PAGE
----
Credit Card Usage Rises Among College Students

Many young adults juggling more cards with more debt than in years past
Student holding credit card

Student loans get a lot of attention, but they aren’t the only kind of debt many college students are dealing with. A new study finds that credit card usage is becoming more prevalent on campus.

Insurance firm AIG sponsored research by education technology company EverFi to get a glimpse into how college students manage their money. They surveyed more than 30,000 college students from more than 440 educational institutions across the country, and found a recent, sharp rise in college students turning to credit cards.

In fact, the use of credit cards among college students is up sharply over the last seven years, with usage on campuses at 46% today, compared to just 28% in 2012. College students are also looking to more than one card to meet their needs, as 45% have two or more credit cards, up from 25% in 2012.

While there’s nothing wrong with using credit cards in and of themselves, the study found that some college students are using their cards in a manner that may come back to haunt them later.

More than a third (36%) of college students have more than $1,000 in credit card debt, up significantly from 25% who had that much credit card debt in 2012. At the same time, only 51% of respondents said they expected to pay off their entire credit card bill in the next year.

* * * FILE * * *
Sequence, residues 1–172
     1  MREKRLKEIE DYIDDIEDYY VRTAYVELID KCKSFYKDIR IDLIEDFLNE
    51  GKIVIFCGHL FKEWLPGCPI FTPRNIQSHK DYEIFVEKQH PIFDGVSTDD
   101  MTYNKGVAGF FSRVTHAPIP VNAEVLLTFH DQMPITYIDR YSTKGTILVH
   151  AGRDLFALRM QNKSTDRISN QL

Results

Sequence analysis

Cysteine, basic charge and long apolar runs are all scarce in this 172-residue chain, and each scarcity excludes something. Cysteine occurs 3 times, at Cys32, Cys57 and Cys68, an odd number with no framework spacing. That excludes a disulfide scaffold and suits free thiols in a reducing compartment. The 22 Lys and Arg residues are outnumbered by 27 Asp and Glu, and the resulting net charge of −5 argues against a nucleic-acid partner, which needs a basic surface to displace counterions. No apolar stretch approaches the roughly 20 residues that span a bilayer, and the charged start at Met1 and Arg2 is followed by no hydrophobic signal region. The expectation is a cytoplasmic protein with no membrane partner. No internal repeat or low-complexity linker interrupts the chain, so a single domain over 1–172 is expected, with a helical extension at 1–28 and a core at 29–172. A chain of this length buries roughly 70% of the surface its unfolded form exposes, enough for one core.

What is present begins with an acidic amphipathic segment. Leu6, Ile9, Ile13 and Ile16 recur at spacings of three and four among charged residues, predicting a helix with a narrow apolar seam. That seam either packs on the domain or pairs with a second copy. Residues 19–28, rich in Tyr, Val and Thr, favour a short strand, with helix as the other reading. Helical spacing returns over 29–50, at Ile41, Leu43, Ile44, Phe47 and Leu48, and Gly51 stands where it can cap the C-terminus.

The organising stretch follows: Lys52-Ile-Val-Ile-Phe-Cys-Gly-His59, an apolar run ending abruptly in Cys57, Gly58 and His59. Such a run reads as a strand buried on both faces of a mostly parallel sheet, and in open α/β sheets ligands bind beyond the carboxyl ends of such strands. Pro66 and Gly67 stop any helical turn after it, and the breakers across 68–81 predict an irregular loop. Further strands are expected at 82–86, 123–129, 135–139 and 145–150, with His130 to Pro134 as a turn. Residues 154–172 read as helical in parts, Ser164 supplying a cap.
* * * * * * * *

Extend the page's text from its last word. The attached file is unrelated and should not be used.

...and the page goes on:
Repayment was an issue for a large segment of students, with 22% of respondents saying they’d paid bills late and damaged their credit scores in the process. That percentage may rise moving forward, as only 60% of respondents said they would probably pay their credit card bills on time in the future, down from 85% of respondents who expected to pay their future credit card bills on time in 2012. Among students that are part of Generation Z, an even lower percentage — 47% — expects to pay their credit card bills on time.

With so many college students admitting to paying bills late, it’s not too surprising that money confidence appears to be low for many on campus. In fact, 47% of respondents admitted they don’t feel prepared to manage their money.

Credit cards can be a useful tool if you use them wisely. Not only can you improve your credit score by paying your bills on time, but you may be able to benefit from cash back and other rewards. Many card issuers also have offerings specifically geared toward college students to provide those with no credit history or a thin credit file the opportunity to build credit.

Credit cards can work to your advantage when you pay off the entire balance each month. While paying credit card bills late may not seem like a big deal, doing so can lower your credit score, which will in turn make it more costly for you to borrow money in the future.

Tamara E. Holmes

Tamara E. Holmes is a Washington, DC-based writer who covers personal finance, entrepreneurship and careers.

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